I’m not yet at a point where I hate my Cornish Detective series, but I’ve noticed a change in attitude to the stories. Starting out on Book 6, I’m still excited, loving how my thoughts are taken over by the plot and how my main character reacts. What I dislike about extending his character arc is caused by commercial considerations—will this be acceptable to readers? I’m bullheaded and outspoken at times but have moderated these traits to create what I hope will be popular stories. This means I’m starting to see Detective Chief Inspector Neil Kettle as a brand, making me feel trapped.
I’m fond of him, but I prefer other characters who appeared in short stories and novellas, such as Art Palmer, an American Civil War veteran travelling through the Deep South in the Reconstruction era. I’ll write his third story next spring.
I don’t hate my writing while in the process of creating an 80,000-word manuscript. If something doesn’t work, I don’t beat myself up, I change it. I’m less keen on the story when editing it, or perhaps less enamoured of myself when I see how many repetitions, excessive commas and typos I’ve included.
Querying literary agents is an exercise in being civil and enthusiastic while trying to describe my book as saleable. It’s not an enjoyable process being a supplicant, but I don’t doubt myself or hate my book.
It’s surprising how many famous novels were hated by their creators. Tolstoy with War and Peace and Anna Karenina, Peter Benchley with Jaws, Anthony Burgess with A Clockwork Orange and Annie Proulx with Brokeback Mountain. It’s not so much the story that they abhor, more how society reacted to it and how that affected their reputation as a writer. It’s a form of typecasting. Whatever genre J. K. Rowling may write in the future, she’ll remain famous for one character.
I recently wrote a chapter of my sixth Cornish Detective novel Kissing & Killing, in which my protagonist is swept away by a rip current while swimming in the sea trying to improve his stamina as he recuperates from being stabbed and losing a lot of blood.
He’s just returned to work, so is anxious to reassert his image as a commander and to take charge of his own life again after being dependent on others while hospitalised. Although Neil Kettle is a powerful wild swimmer, I’ve set him up for being dominated by the ocean, by having him acknowledge that “the sea is unopposably mighty” in the five preceding stories.
This fits with writing advice to place your main character in peril, not once but twice, just as it looks like they’ve survived. Having humility forced on him will be part of one of the themes of the story—loyalty to friends over principles and the rule of law—who do you trust with your life?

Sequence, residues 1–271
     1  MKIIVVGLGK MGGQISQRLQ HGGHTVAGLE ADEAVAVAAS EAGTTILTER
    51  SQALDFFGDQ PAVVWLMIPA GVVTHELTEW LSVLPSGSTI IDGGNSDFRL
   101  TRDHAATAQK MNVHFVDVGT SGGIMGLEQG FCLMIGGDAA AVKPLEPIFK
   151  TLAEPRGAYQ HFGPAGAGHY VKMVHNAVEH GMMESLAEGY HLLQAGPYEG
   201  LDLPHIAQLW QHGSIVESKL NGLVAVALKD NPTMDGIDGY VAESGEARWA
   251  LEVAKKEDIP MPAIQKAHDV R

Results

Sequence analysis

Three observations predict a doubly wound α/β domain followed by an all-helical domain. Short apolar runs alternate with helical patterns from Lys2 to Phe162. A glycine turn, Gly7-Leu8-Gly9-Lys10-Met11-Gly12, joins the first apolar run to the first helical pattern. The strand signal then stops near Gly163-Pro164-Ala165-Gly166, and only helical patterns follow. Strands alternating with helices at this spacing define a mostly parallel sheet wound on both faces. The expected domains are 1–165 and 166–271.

Writing this chapter was slightly disturbing to me, as I experienced such an incident when I lived in Portsmouth. Out for the day with my girlfriend and fellow college students on Eastney beach, I went for a swim alone. Fifty yards out in a flat sea, I was suddenly picked up by an invisible hand and moved at some speed westwards. I remembered advice not to panic when in a rip current, but to try swimming at 90 degrees to it to break free. I tried, but it didn’t work. I relaxed, watching the beach pass by. Thankfully, the current stayed parallel to the land, not carting me out into the Solent. As Southsea pier appeared, it released me. My muscles worked again! I swam to shore, then walked half-a-mile back to my friends…no one had missed me!
Being so powerless helped to inform my writing. I wrote humble.
I’ve written fight scenes while remembering angry thoughts I had when defending myself in muggings. I shed a few tears writing sad scenes summoning how I felt when a relationship ended. Writing funny is tough, but recalling amusing situations helps.
I gave up alcohol in 1996, but after being an alcoholic for twenty-seven years, I remember enough to write drunk.
How do you use memories to pen something that rings true?
Whatever you think of Amazon, as a customer or as a seller, there’s no denying their power and influence. Kindle Direct Publishing is a force that would be foolish to ignore, though I resisted fully committing to them by only using their basic KDP programme, rather than the exclusive Select operation—which pays double the royalties—but is more restrictive of the writer.